More Oversight Needed to Protect Youth Workers, Study Says

The report, published recently in Public Health Reports, said that 88 youths under age 20 died from work-related injuries in 2010, while 20,000 missed work in private industry due to occupational-related illness or injury.

Dozens of American youth under the age of 20 die on the job each year while thousands more are injured, often due to poorly regulated work environments, according to a new report released by the Colorado School of Public Health.

“We don’t tend to think of child labor as a major issue in the U.S., but we should,” said the study’s lead author Carol Runyan, Ph.D., MPH, and professor of epidemiology at the Colorado School of Public Health. “Laws governing the employment of youth ages 14 to 17 in this country are often very lenient and in the case of family farms virtually non-existent.”

Runyan, who led a group of American and Canadian scholars and public health professionals on the project, is now calling for stricter oversight of working conditions for the young including those employed in agriculture.

“Work can help young people develop skills, explore career options, earn money, and gain self-esteem,” Runyan said. “But without adequate safeguards in place, work can also be dangerous for youth.”

The report, published recently in Public Health Reports, said that 88 youths under age 20 died from work-related injuries in 2010, while 20,000 missed work in private industry due to occupational-related illness or injury.

More than 17.6 million workers under age 25 are employed in the U.S. In Canada, nearly 3 million workers between ages 15 and 24 were employed in 2010.

“From a fatality standpoint, farm work is the most dangerous occupation for kids,” Runyan said. “In farm work, youths are working around heavy equipment, digging and cutting with sharp implements. There are deaths almost every year from young people suffocating in grain bins.”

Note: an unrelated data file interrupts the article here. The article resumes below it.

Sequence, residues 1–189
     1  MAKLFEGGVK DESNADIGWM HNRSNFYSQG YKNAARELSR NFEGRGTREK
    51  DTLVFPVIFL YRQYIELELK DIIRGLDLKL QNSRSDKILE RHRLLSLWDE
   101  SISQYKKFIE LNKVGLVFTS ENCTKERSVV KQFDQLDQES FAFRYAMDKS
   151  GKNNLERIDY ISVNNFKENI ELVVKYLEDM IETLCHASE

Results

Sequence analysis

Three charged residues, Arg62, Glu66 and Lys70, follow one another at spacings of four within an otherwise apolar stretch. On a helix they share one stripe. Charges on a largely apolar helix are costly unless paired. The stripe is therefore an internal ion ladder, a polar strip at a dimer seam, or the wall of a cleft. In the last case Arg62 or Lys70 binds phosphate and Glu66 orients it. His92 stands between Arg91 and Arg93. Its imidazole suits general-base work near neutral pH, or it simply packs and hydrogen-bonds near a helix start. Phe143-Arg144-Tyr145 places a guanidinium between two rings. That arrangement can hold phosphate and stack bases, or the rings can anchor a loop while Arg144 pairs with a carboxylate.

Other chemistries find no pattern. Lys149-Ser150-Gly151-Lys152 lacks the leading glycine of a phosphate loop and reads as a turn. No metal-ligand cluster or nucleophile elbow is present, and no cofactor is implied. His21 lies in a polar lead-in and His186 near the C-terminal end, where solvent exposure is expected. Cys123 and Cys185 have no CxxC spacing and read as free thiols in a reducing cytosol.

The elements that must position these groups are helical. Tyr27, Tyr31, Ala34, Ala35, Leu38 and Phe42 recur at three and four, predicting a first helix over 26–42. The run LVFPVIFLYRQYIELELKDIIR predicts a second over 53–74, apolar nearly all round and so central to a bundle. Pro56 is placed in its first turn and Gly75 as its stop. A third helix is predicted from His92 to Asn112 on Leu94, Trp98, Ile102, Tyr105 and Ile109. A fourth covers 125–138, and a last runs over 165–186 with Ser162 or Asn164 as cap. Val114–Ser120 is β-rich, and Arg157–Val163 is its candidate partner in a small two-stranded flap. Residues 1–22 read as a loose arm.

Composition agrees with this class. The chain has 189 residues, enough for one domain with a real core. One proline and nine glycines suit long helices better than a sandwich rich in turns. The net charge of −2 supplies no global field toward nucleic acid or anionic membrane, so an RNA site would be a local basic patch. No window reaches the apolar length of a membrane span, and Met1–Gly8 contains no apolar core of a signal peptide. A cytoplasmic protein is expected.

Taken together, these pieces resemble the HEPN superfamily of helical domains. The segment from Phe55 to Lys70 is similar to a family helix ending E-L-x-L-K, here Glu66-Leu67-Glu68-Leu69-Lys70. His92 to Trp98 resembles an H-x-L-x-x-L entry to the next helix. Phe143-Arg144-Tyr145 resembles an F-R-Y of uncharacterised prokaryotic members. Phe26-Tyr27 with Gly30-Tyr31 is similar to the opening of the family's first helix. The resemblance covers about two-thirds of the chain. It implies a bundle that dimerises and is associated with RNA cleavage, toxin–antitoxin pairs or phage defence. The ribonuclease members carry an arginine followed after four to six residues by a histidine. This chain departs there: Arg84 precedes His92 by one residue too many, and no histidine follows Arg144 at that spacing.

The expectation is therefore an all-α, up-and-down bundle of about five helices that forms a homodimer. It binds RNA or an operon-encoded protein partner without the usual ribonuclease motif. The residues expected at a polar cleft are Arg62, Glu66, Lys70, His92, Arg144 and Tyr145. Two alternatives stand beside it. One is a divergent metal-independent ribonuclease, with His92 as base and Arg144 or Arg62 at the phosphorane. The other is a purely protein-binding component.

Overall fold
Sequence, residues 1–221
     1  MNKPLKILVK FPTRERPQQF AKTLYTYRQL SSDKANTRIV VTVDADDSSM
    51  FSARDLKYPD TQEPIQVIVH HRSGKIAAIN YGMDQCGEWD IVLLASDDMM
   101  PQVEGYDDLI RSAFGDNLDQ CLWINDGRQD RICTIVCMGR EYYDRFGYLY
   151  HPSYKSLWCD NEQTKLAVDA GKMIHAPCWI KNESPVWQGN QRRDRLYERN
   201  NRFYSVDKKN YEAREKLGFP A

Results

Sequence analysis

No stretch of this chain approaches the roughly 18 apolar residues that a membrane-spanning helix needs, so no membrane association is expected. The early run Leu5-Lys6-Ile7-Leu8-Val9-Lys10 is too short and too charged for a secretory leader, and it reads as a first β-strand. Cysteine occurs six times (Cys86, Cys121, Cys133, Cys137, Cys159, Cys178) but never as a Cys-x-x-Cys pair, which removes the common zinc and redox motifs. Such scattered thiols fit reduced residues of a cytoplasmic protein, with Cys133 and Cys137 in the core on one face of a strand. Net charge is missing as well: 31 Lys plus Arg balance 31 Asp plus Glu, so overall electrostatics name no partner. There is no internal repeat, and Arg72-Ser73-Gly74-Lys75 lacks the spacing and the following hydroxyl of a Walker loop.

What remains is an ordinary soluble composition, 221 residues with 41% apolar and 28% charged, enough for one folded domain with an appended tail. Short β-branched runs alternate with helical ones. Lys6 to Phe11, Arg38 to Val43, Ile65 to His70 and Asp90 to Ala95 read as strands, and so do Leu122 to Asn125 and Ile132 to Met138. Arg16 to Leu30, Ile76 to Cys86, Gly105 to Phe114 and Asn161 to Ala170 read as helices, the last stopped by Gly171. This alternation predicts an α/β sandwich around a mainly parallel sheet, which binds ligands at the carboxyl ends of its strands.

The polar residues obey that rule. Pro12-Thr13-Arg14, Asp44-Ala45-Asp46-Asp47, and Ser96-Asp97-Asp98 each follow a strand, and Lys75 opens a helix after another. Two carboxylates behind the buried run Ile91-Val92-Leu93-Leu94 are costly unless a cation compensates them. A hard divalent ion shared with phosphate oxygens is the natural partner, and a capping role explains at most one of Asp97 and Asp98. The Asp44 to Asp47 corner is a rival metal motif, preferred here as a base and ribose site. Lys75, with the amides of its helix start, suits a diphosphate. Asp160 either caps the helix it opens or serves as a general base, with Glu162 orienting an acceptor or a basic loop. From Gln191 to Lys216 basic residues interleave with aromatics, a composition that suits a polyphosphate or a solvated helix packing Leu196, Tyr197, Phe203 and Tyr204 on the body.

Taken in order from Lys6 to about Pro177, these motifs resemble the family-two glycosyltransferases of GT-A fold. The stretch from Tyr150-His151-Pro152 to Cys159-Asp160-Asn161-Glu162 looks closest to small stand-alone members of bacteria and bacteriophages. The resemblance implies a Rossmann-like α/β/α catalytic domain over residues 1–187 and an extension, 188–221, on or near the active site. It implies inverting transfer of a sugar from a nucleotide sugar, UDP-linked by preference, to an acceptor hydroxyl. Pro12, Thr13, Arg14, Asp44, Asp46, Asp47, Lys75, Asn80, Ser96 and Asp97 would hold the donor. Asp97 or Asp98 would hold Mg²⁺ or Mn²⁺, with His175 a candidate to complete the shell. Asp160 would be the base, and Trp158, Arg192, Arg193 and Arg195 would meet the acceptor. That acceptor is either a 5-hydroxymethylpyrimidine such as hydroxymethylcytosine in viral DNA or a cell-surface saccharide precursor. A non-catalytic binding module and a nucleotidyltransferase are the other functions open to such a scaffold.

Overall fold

Runyan and colleagues John Lewko, Ph.D., of Laurentian University in Ontario and Kimberly Rauscher, ScD, of West Virginia University, are using the report to advocate for stronger federal monitoring of youth worker safety, including ensuring that children working on farms are better protected. They are also encouraging more research into preventing workplace injuries among young people.

“We need to make sure that the jobs our kids take are safe,” Runyan said. “But ultimately it’s not the responsibility of 15-year-olds to ensure their safety—it’s the responsibility of employers.”

The project was funded by the National Institute of Occupational Safety and Health and the OntarioNeurotrauma Foundation.

Download Center

HTML - No Current Item Deck
  • EHS Management Software Buyer's Guide

    Download this buyer's guide to make more informed decisions as you're looking for an EHS management software system for your organization.

  • Steps to Conduct a JSA

    We've put together a comprehensive step-by-step guide to help you perform a job safety analysis (JSA), which includes a pre-built, JSA checklist and template, steps of a JSA, list of potential job hazards, and an overview of hazard control hierarchy.

  • Levels of a Risk Matrix

    Risk matrices come in many different shapes and sizes. Understanding the components of a risk matrix will allow you and your organization to manage risk effectively.

  • Free Safety Management Software Demo

    IndustrySafe Safety Management Software helps organizations to improve safety by providing a comprehensive toolset of software modules to help businesses identify trouble spots; reduce claims, lost days, OSHA fines; and more.

  • Industry Safe
Bulwark FR Quiz

OH&S Digital Edition

  • OHS Magazine Digital Edition - March 2021

    March 2021

    Featuring:

    • EMPLOYEE TESTING
      The Impact of COVID-19 on Drug Testing
    • PROTECTIVE APPAREL
      Preparing for Unpredictable Spring Weather
    • FALL PROTECTION
      Building a Comprehensive Floor Safety Strategy
    • GAS DETECTION
      Gas Hazards and the COVID-19 Vaccine
    View This Issue